What Are the Water Bottle Label Dimensions?

What Are the Water bottle label dimensions

Whether you want to start a bottled water business or want to add customized labels to pre-existing water bottles, you should have a good idea of what label size to get. That way, you’ll have a good idea of much detail you can add to the labels.

So, what are the dimensions of a water bottle?

For a 16.9-ounce bottle, a full-wrap label will usually measure 2 × 8.5 inches. A half-wrap label will measure 2 × 4 inches. However, the exact measurements of the label will vary based on the size and design of the water bottle.

So, what water bottle label dimensions should you print out? In this guide, I’ll cover the most commonly used water bottle label dimensions, the types of labels, and how to choose the most appropriate label for your bottled beverage.

Water Bottle Label Dimensions

Water bottle label dimensions

The dimensions of a water bottle label refer to its width and length. It should match the design and the sizes of the bottle you use for your bottled drink.

For instance, Gatorade bottles have tall, straight walls that can accommodate wider labels, whereas water bottles can have an hourglass design and minimal room for your label.

The industry standard in terms of water bottle label dimensions is 2 inches wide and 8.5 inches long for 16.9-fluid-ounce bottles. The length allows for overlap of around half an inch, where an adhesive keeps the label intact.

Some companies may opt for a half-wrap label, which covers around half of a water bottle’s circumference. These labels typically measure 2 × 4 inches for the same 16.9-fluid-ounce bottles.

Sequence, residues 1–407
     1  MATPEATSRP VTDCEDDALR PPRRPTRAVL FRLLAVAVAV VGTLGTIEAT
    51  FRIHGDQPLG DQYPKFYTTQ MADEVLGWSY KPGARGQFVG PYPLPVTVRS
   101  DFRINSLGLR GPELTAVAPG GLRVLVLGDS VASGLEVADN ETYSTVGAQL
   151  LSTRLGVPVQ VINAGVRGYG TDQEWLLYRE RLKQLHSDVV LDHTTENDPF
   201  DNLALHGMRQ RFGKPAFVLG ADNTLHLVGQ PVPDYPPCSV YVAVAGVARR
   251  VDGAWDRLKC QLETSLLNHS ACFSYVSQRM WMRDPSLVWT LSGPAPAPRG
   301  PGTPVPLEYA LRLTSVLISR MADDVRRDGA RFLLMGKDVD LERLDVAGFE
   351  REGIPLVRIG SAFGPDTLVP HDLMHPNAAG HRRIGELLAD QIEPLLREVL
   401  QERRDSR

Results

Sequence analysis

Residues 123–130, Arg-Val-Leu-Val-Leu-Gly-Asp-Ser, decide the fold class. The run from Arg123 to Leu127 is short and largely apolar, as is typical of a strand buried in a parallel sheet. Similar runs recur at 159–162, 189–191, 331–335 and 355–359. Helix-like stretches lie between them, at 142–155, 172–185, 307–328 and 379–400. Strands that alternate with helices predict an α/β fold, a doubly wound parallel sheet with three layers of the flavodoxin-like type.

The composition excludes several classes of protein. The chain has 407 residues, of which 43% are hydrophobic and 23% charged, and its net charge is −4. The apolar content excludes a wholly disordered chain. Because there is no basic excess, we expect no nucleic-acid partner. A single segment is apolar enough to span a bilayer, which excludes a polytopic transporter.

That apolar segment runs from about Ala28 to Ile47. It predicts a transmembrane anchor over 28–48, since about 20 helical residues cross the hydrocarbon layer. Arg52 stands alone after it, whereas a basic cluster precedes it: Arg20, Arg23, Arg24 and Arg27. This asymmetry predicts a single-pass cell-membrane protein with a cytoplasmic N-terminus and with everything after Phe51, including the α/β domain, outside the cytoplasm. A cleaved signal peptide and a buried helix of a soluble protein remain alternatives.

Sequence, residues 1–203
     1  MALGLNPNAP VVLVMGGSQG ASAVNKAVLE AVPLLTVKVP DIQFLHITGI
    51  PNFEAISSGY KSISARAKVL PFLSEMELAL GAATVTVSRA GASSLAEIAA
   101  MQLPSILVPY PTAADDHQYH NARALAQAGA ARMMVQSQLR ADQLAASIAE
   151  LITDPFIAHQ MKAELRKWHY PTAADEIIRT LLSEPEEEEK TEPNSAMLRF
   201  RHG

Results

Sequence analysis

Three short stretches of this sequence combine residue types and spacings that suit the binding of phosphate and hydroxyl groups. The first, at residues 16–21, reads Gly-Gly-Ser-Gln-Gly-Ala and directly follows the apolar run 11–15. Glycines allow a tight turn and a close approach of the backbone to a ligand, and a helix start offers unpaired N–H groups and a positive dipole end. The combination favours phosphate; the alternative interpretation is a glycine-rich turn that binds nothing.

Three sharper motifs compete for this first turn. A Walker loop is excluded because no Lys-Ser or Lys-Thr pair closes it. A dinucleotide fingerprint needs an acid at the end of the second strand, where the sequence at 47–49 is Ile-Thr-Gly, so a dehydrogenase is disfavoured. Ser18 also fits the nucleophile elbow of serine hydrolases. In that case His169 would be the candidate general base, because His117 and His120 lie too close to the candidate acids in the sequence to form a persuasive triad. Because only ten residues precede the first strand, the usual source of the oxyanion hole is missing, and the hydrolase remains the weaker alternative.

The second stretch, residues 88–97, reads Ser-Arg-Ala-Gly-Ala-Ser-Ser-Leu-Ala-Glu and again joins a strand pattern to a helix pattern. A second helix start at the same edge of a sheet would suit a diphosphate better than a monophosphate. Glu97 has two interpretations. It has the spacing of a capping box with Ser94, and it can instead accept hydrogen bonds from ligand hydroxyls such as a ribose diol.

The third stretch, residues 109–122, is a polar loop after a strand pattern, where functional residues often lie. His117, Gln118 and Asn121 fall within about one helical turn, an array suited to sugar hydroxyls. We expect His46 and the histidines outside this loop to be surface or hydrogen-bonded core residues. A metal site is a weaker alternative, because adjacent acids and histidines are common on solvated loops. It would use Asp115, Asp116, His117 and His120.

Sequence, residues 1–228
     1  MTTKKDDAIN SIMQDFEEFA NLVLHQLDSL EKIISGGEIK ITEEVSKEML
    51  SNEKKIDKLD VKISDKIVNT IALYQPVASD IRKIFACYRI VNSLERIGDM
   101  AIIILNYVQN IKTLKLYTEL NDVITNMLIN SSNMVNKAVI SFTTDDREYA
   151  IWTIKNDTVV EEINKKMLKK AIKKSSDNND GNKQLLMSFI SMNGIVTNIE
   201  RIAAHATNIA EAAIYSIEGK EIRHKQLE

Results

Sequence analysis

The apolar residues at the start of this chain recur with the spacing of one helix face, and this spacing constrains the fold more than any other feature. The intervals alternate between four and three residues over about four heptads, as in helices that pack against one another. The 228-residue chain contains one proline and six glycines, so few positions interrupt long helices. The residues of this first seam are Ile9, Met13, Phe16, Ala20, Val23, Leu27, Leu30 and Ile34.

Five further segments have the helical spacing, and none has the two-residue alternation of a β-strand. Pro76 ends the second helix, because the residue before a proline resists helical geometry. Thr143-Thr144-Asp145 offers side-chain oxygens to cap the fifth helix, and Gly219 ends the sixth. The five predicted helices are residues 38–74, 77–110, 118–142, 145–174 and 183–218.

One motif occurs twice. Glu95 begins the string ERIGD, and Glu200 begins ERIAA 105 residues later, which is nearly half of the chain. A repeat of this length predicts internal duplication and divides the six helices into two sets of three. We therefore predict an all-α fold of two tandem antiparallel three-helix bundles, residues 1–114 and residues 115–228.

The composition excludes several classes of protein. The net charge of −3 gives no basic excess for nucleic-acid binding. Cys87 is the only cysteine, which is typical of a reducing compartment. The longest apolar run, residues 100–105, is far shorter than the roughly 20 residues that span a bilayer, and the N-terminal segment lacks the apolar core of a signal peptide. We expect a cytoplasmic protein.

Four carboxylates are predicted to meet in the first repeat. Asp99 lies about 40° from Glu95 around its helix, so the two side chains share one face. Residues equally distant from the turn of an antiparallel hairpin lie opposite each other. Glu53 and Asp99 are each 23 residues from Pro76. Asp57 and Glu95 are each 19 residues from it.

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If you also want to check the water bottle cap size, see our article here.

Other Label Dimensions

However, you don’t have to stick with rectangular labels. You can print all sorts of shapes at various dimensions if you want to make your water bottle stick out.

The following chart will describe the possible shapes and dimensions of water bottle labels based on the options provided by 48hourprint, sheetlabels, and uprinting.

3.725 × 4.25 in.3.725 × 4.25 in.
Square2 × 2 in.

3 × 3 in.

4 × 4 in.

5 × 5 in.

6 × 6 in.

Rectangular1.5 × 4 in.

2 × 5 in.

2 × 6 in.

2 × 8.25 in.

2.5 × 7 in.

3.725 × 4.25 in.

3 × 5 in.

3 × 6.25 in.

3 × 13 in.

4 × 5 in.

5 × 5.75 in.

Round2 in.

2.5 in.

3 in.

4 in.

Oval1.5 × 2.5 in.

2 × 3 in.

2 × 3.5 in.

3 × 4 in.

Arch2 × 2.7 in.

3 × 4 in.

Hexagonal2 × 2.3 in.

3 × 3.5 in.

4 × 4.6 in.

CustomAny shape and size you want

Types of Water Bottle Labels

The various types of water bottle labels are generally categorized by materials and finish. Here are some of the most popular water bottle label types you can get.


A matte label is printed on a thin sheet of plastic. It’s gently grainy to the touch, and it doesn’t allow for very much light penetration. This is important if you plan on keeping your water bottles out in the sunlight for extended periods of time.


Glossy labels are printed on a semi-glossy film or paper. It has a completely smooth texture, and it can come with a laminated finish to prevent the label’s ink from running when moistened. You’ll typically find this type of label used for large jugs of water.